Dire outcries greeted the decision. Aunt Jane wept, and Chris wept, and said this never could have happened to him if his aunt had lived. Oaths followed from Captain Magnus in a turgid stream. Nevertheless the twain were led away, firmly bound, and guarded by Dugald, Cuthbert and the negro. And the remarkable programme proposed by Cuthbert Vane was triumphantly carried out. Six prisoners now occupied the old cave of the buccaneers.

With the camp freed from the presence of the pirates all need of watchfulness was over. The prisoners in the cave were provided with no implements but spades, whereas dynamite and crowbars would be necessary to force a way through the debris which choked the mouth of the tunnel. A looking over of the ground at the daily feeding time would be enough.

To-morrow’s sun would see our hopes crowned and all our toil rewarded by the recovery of the treasure from the Island Queen.


NEXT morning an event occurred sufficiently astonishing to divert our thoughts from even the all-important topic of the Island Queen. Cookie, who had been up on the high land of the point gathering firewood, came rushing hack to announce that a steamer had appeared in the offing. All the party dropped their occupations and ran to look. That the Rufus Smith had returned at an unexpectedly early date was of course the natural explanation of the appearance of a vessel in these lonely seas. But through the glass the new arrival turned out to be not the tubby freighter but a stranger of clean-cut, rakish build, lying low in the water and designed for speed rather than carrying capacity.

A mile offshore she lay to, and a boat left her side. Wondering and disquieted, we returned to the beach to await her coming. Was it another pirate? What possible errand could bring a steamer to this remote, unvisited, all but forgotten little island? Had somebody else heard the story of the Bonny Lass and come after the doubloons, unknowing that we were beforehand with them? If so, must we do battle for our rights?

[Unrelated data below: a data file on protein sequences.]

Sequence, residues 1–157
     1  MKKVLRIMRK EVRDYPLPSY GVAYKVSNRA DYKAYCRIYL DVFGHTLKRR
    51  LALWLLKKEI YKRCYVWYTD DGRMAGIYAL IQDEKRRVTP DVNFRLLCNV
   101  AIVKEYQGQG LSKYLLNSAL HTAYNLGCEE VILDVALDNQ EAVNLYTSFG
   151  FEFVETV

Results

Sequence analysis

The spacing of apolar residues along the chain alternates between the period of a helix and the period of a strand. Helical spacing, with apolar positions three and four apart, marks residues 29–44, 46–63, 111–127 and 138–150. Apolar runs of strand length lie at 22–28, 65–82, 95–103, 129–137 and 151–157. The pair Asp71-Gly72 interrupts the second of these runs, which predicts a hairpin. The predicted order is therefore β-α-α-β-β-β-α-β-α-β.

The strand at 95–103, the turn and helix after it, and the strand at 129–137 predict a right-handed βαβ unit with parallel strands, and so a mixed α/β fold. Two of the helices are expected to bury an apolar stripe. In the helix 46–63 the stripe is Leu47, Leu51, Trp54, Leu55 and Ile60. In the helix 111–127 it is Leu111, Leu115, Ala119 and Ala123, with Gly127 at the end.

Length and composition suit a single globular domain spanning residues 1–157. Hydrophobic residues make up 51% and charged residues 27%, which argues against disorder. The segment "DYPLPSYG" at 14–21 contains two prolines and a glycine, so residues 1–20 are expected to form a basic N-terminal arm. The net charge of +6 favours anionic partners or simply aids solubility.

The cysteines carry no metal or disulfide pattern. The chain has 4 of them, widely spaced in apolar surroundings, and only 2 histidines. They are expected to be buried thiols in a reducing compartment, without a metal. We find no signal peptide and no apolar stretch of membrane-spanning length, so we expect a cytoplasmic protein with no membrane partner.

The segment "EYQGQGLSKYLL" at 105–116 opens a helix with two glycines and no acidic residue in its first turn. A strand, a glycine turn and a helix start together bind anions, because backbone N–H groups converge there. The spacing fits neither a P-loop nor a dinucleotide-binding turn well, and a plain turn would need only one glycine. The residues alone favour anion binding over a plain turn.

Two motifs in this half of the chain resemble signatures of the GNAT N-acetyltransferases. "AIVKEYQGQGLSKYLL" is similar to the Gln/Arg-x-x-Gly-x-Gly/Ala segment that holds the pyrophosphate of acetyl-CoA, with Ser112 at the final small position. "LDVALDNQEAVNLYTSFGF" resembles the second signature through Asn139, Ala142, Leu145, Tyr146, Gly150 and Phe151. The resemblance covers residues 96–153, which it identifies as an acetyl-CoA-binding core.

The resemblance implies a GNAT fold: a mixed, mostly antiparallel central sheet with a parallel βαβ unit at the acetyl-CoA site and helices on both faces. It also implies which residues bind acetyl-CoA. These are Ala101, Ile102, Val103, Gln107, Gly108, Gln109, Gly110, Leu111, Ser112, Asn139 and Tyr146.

The boat shot in between the points and skimmed swiftly over the rippling surface of the cove, under the rhythmic strokes of half a dozen flashing oars. The rowers wore a trim white uniform, and in the stern a tall figure, likewise whiteclad, turned toward us a dark face under a pith helmet.

As the oarsmen drove the boat upon the beach the man in the stern sprang agilely ashore. Dugald Shaw stepped forward, and the stranger approached, doffing his helmet courteously.

“You are the American and English party who landed here some weeks ago from the Rufus Smith?”

His English was easy and correct, though spoken with a pronounced Spanish accent. His dark, high-featured face was the face of a Spaniard. And his grace was the grace of a Spaniard, as he bowed sweepingly and handed Mr. Shaw a card.

“Señor Don Enrique Gonzales,” said Dugald, bowing in his stiff-necked fashion, “I am very happy to meet you. But as you represent His Excellency the President of the Republic of Santa Marina I suppose you come on business, Señor Gonzales?”

“Precisely. I am enchanted that you apprehend the fact without the tiresomeness of explanations. For business is a cold, usually a disagreeable affair, is it not so? That being the case, let us get it over.”

“First, do us the honor to be seated, Señor Gonzales.”

Comfortably bestowed in a camp-chair in the shade, the Spaniard resumed:

“My friend, this island belongs, as of course you are aware, to the republic of which I have the honor to be a citizen. All rights and privileges, such as harvesting the copra crop, are strictly conserved by the republic. All persons desiring such are required to negotiate with the Minister of State of the Republic. And how much more, when it is a question of treasure—of a very large treasure, Señor.”

To be concluded